albert hartwell robert palmer

Albert Hartwell, left, sits on the Washington-Marion courtside next to assistant coach Robert Palmer. Palmer takes over the Charging Indians program from Hartwell, who served 11 seasons as head coach.

Former assistant Robert Palmer was named boys head basketball coach at Washington-Marion on Friday.

Palmer assisted former head coach Albert Hartwell for the past nine seasons. Before that, he served as head coach at Molo Middle School, W-M’s primary feeder school.

It’s the first head coaching job for Palmer, a former McNeese State guard who played professionally overseas before beginning his coaching career.

“I’m excited about it. I get to make the ultimate decision on everything,” Palmer said. “I learned a lot from Coach Hartwell, he let me do a lot.”

Hartwell also helped prepare Palmer to become a head coach.

“He taught me a lot about the political part of it, how to deal with people,” Palmer said. “I’m the kind of person where if I don’t think something is right, I don’t want to do it at all, but he taught me how to deal with people and that sometimes you have to give a little to get a little.”

Palmer said the Charging Indians won’t look much different under his leadership.

“It is still going to be in-yourface basketball,” he said. “We are going to be prepared. I love the process of coaching, going from the first day of practice where no one knows anything to the season where everything is working like clockwork. People just see the final product but I enjoy the process of getting there.”

Palmer said he learned a lot about the game in Europe, where he played in Germany and Portugal.

“Back then we didn’t have the cellphones and everything so it was basketball all the time,” he said. “I really honed my craft there. I learned a lot just by playing basketball all the time. I’m still friends with my teammates and coaches from there and went back to go visit them not long ago.”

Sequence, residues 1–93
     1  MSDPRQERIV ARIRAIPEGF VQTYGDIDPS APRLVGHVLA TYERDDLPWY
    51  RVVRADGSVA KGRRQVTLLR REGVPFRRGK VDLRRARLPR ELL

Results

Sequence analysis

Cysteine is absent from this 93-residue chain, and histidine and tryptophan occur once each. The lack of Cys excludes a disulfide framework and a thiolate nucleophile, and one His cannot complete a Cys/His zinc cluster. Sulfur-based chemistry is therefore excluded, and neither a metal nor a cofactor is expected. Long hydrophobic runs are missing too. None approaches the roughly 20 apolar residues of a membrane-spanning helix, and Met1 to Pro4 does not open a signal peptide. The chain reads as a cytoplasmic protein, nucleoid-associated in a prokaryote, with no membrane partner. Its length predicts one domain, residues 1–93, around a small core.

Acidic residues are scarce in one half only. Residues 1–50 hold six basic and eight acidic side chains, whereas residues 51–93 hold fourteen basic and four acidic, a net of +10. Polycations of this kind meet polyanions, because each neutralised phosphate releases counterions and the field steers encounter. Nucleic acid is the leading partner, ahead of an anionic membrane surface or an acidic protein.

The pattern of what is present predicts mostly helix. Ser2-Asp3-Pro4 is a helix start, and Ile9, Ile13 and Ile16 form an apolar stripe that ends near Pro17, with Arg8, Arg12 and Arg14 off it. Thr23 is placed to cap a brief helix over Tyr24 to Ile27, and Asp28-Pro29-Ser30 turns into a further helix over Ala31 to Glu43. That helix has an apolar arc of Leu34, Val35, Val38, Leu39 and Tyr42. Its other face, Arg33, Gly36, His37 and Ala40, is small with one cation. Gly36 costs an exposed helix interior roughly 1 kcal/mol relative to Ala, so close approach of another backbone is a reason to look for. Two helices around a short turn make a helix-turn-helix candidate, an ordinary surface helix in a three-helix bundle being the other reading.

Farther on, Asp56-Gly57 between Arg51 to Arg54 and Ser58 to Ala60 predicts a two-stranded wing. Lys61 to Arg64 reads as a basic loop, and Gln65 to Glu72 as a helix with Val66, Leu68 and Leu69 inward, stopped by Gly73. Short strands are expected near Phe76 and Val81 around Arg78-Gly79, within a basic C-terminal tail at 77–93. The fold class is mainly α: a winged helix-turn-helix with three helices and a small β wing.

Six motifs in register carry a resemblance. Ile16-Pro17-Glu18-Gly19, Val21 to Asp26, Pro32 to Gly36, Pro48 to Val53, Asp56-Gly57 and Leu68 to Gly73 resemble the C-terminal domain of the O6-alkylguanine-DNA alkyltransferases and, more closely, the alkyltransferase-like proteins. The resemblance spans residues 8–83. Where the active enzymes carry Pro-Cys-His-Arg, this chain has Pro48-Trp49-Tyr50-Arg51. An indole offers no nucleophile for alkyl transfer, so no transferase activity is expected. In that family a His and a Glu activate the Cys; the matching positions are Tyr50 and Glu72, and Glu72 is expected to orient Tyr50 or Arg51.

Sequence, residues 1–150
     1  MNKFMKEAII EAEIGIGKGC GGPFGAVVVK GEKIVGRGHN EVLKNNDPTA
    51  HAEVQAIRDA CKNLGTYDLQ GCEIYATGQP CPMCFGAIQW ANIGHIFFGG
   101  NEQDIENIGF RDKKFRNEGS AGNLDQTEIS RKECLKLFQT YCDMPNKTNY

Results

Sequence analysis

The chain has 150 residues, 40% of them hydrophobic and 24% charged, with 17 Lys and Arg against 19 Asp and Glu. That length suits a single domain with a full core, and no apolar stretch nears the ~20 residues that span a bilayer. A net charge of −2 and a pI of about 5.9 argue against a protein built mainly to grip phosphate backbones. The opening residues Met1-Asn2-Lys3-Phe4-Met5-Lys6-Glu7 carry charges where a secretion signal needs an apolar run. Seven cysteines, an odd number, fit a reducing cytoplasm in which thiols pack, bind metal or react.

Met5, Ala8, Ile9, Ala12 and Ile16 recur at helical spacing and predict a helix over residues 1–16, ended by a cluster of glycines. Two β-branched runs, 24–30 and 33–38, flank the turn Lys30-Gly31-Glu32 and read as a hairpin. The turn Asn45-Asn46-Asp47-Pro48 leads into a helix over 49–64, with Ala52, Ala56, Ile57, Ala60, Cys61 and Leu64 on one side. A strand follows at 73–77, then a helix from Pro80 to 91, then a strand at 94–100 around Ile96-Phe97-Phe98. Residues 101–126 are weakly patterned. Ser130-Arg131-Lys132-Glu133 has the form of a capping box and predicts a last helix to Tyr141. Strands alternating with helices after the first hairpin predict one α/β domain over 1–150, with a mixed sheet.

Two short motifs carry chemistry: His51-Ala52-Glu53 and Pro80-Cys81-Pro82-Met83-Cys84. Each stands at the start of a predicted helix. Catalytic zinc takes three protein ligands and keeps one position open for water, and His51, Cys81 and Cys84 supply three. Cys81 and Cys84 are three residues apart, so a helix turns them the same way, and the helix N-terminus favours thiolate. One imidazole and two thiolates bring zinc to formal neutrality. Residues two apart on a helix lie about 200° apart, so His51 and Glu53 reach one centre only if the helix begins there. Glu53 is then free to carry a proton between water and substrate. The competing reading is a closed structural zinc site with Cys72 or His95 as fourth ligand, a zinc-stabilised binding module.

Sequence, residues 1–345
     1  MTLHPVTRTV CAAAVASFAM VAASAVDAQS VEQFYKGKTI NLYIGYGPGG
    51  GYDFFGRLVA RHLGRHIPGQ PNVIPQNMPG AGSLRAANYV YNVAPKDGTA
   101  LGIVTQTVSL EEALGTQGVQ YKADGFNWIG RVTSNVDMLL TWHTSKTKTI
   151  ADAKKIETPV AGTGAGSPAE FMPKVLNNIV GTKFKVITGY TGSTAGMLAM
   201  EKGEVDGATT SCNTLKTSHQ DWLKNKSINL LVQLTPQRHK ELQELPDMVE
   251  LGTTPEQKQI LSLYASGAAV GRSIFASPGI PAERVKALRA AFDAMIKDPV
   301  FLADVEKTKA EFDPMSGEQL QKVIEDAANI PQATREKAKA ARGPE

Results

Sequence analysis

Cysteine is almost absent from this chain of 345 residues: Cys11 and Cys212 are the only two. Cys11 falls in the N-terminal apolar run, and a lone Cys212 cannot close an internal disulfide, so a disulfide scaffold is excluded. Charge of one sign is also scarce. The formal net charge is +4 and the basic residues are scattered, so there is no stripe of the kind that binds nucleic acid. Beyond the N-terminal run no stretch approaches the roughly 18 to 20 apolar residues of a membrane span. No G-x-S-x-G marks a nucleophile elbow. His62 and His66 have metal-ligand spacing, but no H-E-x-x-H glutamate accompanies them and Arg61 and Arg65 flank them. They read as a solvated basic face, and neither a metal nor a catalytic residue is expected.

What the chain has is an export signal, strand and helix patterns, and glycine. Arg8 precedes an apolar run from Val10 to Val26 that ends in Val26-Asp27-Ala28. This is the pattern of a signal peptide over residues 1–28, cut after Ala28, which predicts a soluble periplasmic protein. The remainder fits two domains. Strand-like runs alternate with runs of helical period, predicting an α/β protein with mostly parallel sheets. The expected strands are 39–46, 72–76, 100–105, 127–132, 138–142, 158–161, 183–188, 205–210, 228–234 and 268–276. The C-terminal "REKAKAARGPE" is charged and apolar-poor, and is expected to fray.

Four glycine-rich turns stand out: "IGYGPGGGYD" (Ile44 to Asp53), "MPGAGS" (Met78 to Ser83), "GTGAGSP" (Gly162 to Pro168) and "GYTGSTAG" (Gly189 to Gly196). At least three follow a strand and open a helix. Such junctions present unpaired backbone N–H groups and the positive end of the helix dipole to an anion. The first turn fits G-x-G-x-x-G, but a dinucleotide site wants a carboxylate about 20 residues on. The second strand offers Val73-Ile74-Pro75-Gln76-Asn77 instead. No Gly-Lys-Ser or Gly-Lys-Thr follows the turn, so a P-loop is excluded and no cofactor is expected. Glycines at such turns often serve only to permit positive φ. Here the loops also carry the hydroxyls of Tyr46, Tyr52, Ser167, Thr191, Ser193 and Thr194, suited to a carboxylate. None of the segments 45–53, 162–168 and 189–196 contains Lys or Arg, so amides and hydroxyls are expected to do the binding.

Palmer is a Meridian, Mississippi, native. He played a year each at St. Bonaventure and Meridian (Miss.) Community College before finishing at McNeese from 1995-97. In addition to coaching, Palmer teaches special education at W-M.

Hartwell, known for stylish sideline attire, usually dressing in the colors of opponents for big games.

He led the Charging Indians for 11 seasons, reaching the playoffs each year, including three trips to the state tournament. The Charging Indians won the Class 4A state championship in the 2016-17 season. He has more than 750 wins in his 40-year high school career, which includes stints at Carroll, Vinton, Bernice, Arcadia, Jonesboro-Hodge and Carencro. He led both the boys and girls teams to state titles at Carroll. He played collegiately at Grambling State.

Hartwell said he will still be active at the school.

“I am not retiring at all,” he said. “I will be at Washington-Marion doing something, but I do not know what. It will be nothing with basketball. (Palmer) should do a good job. That is what the administration wanted, and we have always worked together.”

Hartwell said he’ll miss having a team to lead.

“I have been here every summer working and getting ready for every season,” he said. “The young men played hard for me, and I enjoyed being around them. I am going to miss the team. It has been a big part of my life.”

He said he is not quite ready to hang up coaching.

“I don’t know if I will be done with coaching. Maybe someone will come along.”

More from this section

  • Updated

In second grade, Alex Yokubaitis faced a battle of wills. The athletic part of him was intrigued by the sport of wrestling, but his stylish side was not a fan of the singlet worn by competitors.

  • Updated

On her first trip to the plate as a 4-year-old, Haylie Hoffpauir held the bat backwards. Since then, she learned the game and a lot more, finishing a distinguished career as both an athlete and student at Lacassine High.